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Judge Declares Mistrial in Menendez Corruption Case

The corruption trial of Sen. Bob Menendez, D-N.J., ended in a mistrial Thursday after jurors said they were hopelessly deadlocked on the charges against the lawmaker and a wealthy Florida eye doctor.

(CN) - The corruption trial of Sen. Bob Menendez, D-N.J., ended in a mistrial Thursday after jurors said they were hopelessly deadlocked on the charges against the lawmaker and a wealthy Florida eye doctor.

In the wake of judge's decision, Senate Majority Leader Mitch McConnell, R-Ky., called for an ethics investigation of Menendez, who he described as "one of only twelve U.S. Senators to have been indicted in our history.

"His trial shed light on serious accusations of violating the public's trust as an elected official, as well as potential violations of the Senate's Code of Conduct," McConnell said in a statement. "Because of the seriousness of these charges, I am calling on the Senate Ethics committee to immediately investigate Senator Menendez's actions which led to his indictment."

Earlier, McConnell called for an ethics investigation of Sen. Al Franken after sexual harassment claims emerged against him.

U.S. District Judge William Walls declared the mistrial after more than six full days of deliberations that had to be re-started midway through when a juror was replaced.

There was no immediate word on which way the jury was leaning — toward conviction or toward acquittal.

“We cannot reach a unanimous decision,’’ the jury said in a note just before lunch on Thursday. “Nor are we willing to move away from our strong convictions.”

After receiving the note, U.S. District Court Judge William Walls interviewed the jury foreman and several other jurors in chambers, in the presence of the lawyers on the case.

Prosecutors had asked the judge to issue a clarifying instruction to the panel, telling jurors they could reach verdicts on individual counts in the indictment, even if they can’t find agreement on all 18 counts the senator faced.

Judge Walls rejected that suggestion, saying to do so would be “going down the slippery slope of coercion.’’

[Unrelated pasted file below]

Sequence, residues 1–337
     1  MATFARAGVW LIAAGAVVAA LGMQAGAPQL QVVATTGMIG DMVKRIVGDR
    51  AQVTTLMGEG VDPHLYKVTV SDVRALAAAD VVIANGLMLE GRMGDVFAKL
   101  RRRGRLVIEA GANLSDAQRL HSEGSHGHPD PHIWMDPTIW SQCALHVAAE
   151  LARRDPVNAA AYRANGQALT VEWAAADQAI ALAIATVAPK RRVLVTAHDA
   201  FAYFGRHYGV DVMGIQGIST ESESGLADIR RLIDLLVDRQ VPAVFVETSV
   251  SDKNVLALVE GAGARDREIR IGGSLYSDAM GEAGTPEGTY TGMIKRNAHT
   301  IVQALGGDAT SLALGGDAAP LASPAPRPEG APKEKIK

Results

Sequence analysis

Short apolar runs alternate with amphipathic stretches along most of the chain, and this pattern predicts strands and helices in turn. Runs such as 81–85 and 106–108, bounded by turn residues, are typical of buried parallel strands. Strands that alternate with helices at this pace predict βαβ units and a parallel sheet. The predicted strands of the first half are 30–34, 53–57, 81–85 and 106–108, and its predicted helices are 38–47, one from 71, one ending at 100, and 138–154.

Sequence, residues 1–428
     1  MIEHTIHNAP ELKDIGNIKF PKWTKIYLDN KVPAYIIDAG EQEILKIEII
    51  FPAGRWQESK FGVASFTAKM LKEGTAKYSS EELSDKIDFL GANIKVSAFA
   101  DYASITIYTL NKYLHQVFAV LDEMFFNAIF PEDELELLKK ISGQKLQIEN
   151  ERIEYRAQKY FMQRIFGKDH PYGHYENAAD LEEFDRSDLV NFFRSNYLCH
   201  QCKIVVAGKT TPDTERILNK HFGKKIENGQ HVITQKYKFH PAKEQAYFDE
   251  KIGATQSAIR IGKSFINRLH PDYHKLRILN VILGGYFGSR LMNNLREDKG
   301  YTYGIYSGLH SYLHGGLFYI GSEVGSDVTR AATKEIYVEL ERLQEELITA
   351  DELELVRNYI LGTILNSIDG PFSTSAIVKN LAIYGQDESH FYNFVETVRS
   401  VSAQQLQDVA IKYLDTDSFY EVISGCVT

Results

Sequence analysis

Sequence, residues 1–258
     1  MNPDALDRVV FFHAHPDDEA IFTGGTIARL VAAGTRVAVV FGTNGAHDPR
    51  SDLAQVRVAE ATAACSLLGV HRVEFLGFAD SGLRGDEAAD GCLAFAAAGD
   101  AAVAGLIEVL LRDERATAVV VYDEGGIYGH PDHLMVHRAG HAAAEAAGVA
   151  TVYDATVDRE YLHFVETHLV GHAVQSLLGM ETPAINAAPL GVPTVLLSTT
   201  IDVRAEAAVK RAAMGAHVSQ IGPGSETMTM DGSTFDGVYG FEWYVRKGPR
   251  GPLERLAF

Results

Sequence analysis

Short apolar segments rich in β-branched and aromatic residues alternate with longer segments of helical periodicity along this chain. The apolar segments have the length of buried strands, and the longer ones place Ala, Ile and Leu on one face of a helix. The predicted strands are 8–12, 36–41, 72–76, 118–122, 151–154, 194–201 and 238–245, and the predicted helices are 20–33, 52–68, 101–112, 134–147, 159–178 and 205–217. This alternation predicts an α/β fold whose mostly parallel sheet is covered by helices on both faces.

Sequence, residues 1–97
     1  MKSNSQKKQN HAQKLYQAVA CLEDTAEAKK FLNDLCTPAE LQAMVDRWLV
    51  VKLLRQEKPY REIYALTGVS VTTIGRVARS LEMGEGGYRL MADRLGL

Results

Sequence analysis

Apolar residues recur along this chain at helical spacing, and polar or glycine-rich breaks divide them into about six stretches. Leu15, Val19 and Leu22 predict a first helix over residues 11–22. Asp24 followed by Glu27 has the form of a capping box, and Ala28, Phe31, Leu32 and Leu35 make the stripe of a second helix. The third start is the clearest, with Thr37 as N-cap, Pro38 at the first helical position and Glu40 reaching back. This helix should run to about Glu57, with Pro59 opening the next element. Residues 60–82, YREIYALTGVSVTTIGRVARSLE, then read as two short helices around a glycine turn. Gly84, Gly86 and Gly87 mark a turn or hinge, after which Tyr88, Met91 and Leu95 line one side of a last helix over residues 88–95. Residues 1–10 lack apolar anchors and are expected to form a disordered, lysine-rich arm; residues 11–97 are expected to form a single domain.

“There’s no point doing something just to say you’ve done it,’’ Walls said.

The declaration of a mistrial comes after nine weeks of testimony.

Menendez, 63, is accused of using his political influence to help Florida eye doctor Salomon Melgen in exchange for luxury vacations in the Caribbean and Paris, flights on Melgen's private jet and hundreds of thousands of dollars in campaign contributions to organizations that supported the senator directly or indirectly.

Prosecutors said Menendez pressured government officials on Melgen's behalf over an $8.9 million Medicare billing dispute and a stalled contract to provide port screening equipment in the Dominican Republic, and also helped obtain U.S. visas for the doctor's girlfriends.

The defense argued that the gifts were not bribes but tokens of friendship between two men who were "like brothers."

Menendez's lawyers contended also that the government failed to establish a direct connection between Melgen's gifts and specific actions taken by the senator.

Melgen is already facing the possibility of a long prison sentence after being convicted in April of bilking Medicare out of as much as $105 million by performing unneeded tests and treatments.

Speaking outside the courthouse, a tearful Menendez thanked his family and attorneys for supporting him throughout the case, and slammed the government for bringing the charges against him.

"The way this case started was wrong, the way it was investigated was wrong, the way it was prosecuted was wrong and the way it was tried was wrong as well," Menendez said.

Later he said the case taught him much " about the incredible weight and power of the federal government and how it can crush you if it wants."

 This story is developing.

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